Love of country, sacrifice, unity and national identity, freedom are the milestones carved in our history, which still today, 100 years later, resonate more than current in the memory of the unknown soldier.
On 4 November a century ago, Italy, victorious in the Great War, but marked in its flesh by the tragedy of 651,000 fallen, honored them all by bowing his head before the remains of an unnamed soldier. Not a general who sent his men to the slaughter from the rear or a politician who rode the war without ever having heard a bullet hiss. The unknown soldier is an infantryman who had spit blood and sweat into the mud of the trenches chosen by a mother destroyed by grief for the loss of her very young son among a string of coffins with the remains of fallen soldiers never identified.
In times of pandemics, refusal of vaccines and No pass marches, the nameless soldier should remind everyone, on both sides of the fence, of the sense of national community.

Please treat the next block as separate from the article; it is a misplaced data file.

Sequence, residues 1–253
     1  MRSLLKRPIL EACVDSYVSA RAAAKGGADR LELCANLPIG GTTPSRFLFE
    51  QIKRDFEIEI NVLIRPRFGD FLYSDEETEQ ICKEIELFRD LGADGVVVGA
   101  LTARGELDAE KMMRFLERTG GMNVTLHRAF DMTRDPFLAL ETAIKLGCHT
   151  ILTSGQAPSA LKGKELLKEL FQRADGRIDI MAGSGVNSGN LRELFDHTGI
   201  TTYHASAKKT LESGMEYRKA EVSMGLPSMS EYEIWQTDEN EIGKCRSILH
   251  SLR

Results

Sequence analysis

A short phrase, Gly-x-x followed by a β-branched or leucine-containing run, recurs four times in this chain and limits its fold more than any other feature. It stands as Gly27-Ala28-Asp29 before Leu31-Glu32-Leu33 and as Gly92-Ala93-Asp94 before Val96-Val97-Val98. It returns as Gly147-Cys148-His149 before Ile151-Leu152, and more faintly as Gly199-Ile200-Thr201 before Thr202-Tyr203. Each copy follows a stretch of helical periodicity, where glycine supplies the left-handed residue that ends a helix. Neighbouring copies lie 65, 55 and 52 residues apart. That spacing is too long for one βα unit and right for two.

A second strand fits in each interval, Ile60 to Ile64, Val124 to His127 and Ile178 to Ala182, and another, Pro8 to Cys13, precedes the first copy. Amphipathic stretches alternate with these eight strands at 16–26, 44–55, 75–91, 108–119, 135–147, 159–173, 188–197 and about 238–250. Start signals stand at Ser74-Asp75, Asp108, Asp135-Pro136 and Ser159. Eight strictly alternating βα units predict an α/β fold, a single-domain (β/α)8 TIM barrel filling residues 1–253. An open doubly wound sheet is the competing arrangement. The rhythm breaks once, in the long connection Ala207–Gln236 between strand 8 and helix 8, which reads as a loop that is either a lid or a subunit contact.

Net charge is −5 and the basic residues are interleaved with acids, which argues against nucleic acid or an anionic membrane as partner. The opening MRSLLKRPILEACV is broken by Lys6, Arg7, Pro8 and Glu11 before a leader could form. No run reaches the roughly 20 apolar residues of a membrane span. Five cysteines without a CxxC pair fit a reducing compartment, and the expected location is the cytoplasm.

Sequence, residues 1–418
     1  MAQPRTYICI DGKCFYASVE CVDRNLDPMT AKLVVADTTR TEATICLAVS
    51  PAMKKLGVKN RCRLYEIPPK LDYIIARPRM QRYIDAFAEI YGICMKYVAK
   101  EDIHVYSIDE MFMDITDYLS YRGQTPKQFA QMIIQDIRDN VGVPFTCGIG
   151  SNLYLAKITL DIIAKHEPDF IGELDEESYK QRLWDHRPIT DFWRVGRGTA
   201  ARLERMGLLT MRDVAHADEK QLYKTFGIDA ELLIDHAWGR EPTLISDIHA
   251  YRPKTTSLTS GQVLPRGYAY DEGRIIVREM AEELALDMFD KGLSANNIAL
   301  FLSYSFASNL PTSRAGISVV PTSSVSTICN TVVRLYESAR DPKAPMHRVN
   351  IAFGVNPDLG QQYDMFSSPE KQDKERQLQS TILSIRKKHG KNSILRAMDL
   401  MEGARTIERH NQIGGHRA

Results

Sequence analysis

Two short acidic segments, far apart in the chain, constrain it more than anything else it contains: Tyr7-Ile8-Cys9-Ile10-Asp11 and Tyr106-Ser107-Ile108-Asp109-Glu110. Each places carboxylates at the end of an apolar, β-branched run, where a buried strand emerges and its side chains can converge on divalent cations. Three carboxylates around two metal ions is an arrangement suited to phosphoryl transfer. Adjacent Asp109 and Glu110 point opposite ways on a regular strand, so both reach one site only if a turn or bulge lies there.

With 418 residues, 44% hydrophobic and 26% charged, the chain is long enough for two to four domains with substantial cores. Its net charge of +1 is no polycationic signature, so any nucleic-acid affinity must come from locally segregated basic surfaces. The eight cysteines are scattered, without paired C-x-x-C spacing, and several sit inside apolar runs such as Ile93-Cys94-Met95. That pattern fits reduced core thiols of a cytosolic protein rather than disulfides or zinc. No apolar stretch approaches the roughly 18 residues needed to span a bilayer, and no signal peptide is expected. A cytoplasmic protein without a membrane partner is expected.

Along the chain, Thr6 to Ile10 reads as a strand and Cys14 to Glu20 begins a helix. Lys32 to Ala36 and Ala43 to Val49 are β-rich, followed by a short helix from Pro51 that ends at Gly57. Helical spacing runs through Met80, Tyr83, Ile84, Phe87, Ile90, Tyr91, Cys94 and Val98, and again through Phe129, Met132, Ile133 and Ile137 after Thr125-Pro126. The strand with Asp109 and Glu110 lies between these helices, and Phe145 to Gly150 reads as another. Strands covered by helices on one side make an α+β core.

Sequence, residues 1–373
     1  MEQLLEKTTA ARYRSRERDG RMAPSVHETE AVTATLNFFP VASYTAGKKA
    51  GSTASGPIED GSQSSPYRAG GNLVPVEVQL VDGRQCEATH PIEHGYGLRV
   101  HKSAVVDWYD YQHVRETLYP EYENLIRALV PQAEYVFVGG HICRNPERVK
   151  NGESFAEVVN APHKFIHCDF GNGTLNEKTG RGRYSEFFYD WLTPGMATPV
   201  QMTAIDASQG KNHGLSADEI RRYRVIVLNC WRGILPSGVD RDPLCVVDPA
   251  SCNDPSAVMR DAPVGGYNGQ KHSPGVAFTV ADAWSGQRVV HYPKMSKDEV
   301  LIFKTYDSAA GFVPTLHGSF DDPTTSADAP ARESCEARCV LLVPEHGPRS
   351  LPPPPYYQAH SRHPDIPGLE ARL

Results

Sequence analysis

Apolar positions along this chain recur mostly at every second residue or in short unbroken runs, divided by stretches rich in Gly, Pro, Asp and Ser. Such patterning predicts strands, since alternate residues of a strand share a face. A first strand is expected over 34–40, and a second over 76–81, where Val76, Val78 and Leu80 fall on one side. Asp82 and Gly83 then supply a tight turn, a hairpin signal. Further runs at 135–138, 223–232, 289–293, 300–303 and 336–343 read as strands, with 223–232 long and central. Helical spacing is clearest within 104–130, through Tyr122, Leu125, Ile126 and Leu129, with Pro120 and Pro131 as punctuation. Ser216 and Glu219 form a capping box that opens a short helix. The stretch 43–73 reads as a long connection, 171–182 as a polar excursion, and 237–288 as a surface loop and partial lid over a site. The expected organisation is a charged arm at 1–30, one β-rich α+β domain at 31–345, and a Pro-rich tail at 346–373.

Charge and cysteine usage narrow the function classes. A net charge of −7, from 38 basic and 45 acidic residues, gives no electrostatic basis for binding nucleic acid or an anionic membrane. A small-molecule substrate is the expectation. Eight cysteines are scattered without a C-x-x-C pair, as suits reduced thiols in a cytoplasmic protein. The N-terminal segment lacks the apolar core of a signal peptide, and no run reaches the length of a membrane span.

And make us understand that the silent majority or noisy minority, the right of the many or the selfishness of the few, we must win together the invisible war that still torments Italy and the whole world. The unknown soldier was a man of the people who, a little forced, a little pushed by patriotism and the hope of taking the skin home, made Italy with his sacrifice. It is neither right nor left, but a symbol for everyone. One hundred years later we can and must honor him by remembering that we fought together against the Chinese virus, which has mowed down 130,000 brothers in Italy, mostly with other diseases, but which without the pandemic they could have been among us for a long time. . And in the vast majority we try to come up with a vaccine, which necessarily, not having a crystal ball, must be an act of faith in science and hope. Many do not believe it and think they live in a “health dictatorship” that limits freedom via the green pass. They should not be demonized or considered deserters to be shot in the back as in the carnage of the Great War. However, they too should meditate on the example of the unknown soldier, who was not a kamikaze and perhaps would have wanted the freedom to choose whether to go and die on the Karst or not, but he left the same among a thousand doubts and fears, fighting to free us from a foreign enemy. Since then, with as many doubts and fears, only together, united, with respect for all, without selfishness or prevarication, can we win the “war”, like 100 years ago.